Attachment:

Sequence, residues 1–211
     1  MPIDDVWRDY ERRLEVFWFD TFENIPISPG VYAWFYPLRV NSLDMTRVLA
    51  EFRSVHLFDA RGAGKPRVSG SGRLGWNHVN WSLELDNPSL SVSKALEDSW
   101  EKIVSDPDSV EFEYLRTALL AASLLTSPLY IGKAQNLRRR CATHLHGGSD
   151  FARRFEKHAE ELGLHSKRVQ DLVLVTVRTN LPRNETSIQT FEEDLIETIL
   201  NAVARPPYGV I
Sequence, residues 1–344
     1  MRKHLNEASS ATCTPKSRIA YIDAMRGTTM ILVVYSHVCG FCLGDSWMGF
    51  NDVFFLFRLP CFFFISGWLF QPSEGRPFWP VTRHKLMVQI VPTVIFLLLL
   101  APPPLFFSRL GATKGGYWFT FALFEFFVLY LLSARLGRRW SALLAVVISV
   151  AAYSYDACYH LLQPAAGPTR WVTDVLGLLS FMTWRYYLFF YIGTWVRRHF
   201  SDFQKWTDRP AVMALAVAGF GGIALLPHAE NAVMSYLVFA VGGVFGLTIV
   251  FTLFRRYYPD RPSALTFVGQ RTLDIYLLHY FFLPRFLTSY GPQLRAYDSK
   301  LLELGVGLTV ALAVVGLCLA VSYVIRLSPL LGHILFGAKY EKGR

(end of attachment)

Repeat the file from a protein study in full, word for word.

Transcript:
Sequence, residues 1–211
     1  MPIDDVWRDY ERRLEVFWFD TFENIPISPG VYAWFYPLRV NSLDMTRVLA
    51  EFRSVHLFDA RGAGKPRVSG SGRLGWNHVN WSLELDNPSL SVSKALEDSW
   101  EKIVSDPDSV EFEYLRTALL AASLLTSPLY IGKAQNLRRR CATHLHGGSD
   151  FARRFEKHAE ELGLHSKRVQ DLVLVTVRTN LPRNETSIQT FEEDLIETIL
   201  NAVARPPYGV I
Sequence, residues 1–344
     1  MRKHLNEASS ATCTPKSRIA YIDAMRGTTM ILVVYSHVCG FCLGDSWMGF
    51  NDVFFLFRLP CFFFISGWLF QPSEGRPFWP VTRHKLMVQI VPTVIFLLLL
   101  APPPLFFSRL GATKGGYWFT FALFEFFVLY LLSARLGRRW SALLAVVISV
   151  AAYSYDACYH LLQPAAGPTR WVTDVLGLLS FMTWRYYLFF YIGTWVRRHF
   201  SDFQKWTDRP AVMALAVAGF GGIALLPHAE NAVMSYLVFA VGGVFGLTIV
   251  FTLFRRYYPD RPSALTFVGQ RTLDIYLLHY FFLPRFLTSY GPQLRAYDSK
   301  LLELGVGLTV ALAVVGLCLA VSYVIRLSPL LGHILFGAKY EKGR